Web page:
Dads in jail advised to focus on their kids
Jason Reyes, 28, knows the importance of communicating with his 5-year-old son. He writes him stories and includes pictures in an ongoing saga. When they talk on the phone, Reyes asks his son open-ended questions about how he’s doing.
The father would love to sweep up his son in his arms, but that won’t happen as Reyes sits in the Mesa County Jail.
“It’s the best thing I can think of without having a physical presence,” Reyes said in a recent meeting with 15 other dads at the jail.
According to corrections data, more than 60 percent of the approximately 2.3 million adults in the nation’s prison system are parents. Every year, 700,000 to 800,000 fathers are released from prison.
Upon being released from a year or more of incarceration, people can develop Post Incarceration Syndrome and have problems dealing with issues outside of jail, said Jacob Carpenter. Carpenter, the program specialist for Hilltop’s Family First program, leads inmates who are fathers in weekly discussions about how best to communicate with their children while incarcerated and once they are released.
During a recent meeting, Carpenter advised the men to “be as consistent as you can” with children through phone calls and letters. He said men should refrain from talking about themselves in jail and focus instead on asking children about themselves and whether anything had changed in their lives since they last spoke.
“As guys, we have issues with communication,” he told the inmates. “With kids, you need to keep that communication alive. When you’re stressed out, your kids are five times as stressed out that you’re in here.”
Inmates who attend a Family First meeting once a month receive three days of “good time” jail credit, which can decrease an inmate’s sentence.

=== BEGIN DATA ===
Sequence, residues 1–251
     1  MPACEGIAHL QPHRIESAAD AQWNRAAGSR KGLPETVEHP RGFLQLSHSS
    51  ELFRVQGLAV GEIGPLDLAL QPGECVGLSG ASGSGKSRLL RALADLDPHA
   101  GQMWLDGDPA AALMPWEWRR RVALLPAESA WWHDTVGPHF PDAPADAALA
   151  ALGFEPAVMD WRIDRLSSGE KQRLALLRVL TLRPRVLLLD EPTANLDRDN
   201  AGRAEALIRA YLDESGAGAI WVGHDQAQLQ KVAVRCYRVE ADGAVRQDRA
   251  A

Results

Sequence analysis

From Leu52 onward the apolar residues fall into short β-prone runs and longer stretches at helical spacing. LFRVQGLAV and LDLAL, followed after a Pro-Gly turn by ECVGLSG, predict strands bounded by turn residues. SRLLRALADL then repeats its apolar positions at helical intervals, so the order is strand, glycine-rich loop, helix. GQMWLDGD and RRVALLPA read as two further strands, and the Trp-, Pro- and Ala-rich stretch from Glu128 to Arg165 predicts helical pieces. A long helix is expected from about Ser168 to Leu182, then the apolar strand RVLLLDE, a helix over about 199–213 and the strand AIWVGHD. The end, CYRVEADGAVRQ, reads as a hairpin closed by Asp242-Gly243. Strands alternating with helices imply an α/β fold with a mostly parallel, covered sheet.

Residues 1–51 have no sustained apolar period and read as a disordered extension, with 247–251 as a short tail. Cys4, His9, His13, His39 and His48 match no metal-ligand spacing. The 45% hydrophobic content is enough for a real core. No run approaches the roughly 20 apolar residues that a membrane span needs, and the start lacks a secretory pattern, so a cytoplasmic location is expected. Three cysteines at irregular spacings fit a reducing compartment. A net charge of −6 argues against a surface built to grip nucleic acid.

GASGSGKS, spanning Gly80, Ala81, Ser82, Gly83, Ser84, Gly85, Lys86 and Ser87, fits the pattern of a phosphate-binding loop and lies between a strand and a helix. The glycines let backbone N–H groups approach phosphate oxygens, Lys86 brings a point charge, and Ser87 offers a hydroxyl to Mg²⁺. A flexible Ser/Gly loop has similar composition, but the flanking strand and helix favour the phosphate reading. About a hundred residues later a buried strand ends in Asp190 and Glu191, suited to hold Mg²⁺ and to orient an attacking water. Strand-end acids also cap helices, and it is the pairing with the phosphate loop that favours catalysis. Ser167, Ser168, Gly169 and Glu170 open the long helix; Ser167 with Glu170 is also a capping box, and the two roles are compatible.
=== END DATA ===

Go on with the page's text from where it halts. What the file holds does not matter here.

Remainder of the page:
A number of the men raised their hands when Carpenter asked whether they had used drugs or alcohol immediately after being released from prior incarcerations. Other inmates said their parenting skills were poor after being released because they felt guilty about not being able to find work.
Reyes said he used to tell his son he couldn’t see him in person because he was battling monsters. He soon realized telling the white lies caused a riff in their relationship, so he now explains it as “adult timeout.” Reyes said he should be released in about three months after completing a sentence for violating terms of probation in a drug-dealing case in Las Vegas.
Another local parenting class called Love and Logic also gave him ideas to be a better parent, he said.
“This humbled me to be more content with my relationship with him,” Reyes said about his son. “I can’t be the same me when I’m in here.”
Carpenter said he started leading the classes because he believed fathers who are inmates were being overlooked in creating strong family relationships.
“People don’t realize that harsh sentences are bad for families,” Carpenter said. “Harsh sentences look good for politicians, but they look bad for everyone else. It doesn’t really help society out in any way.”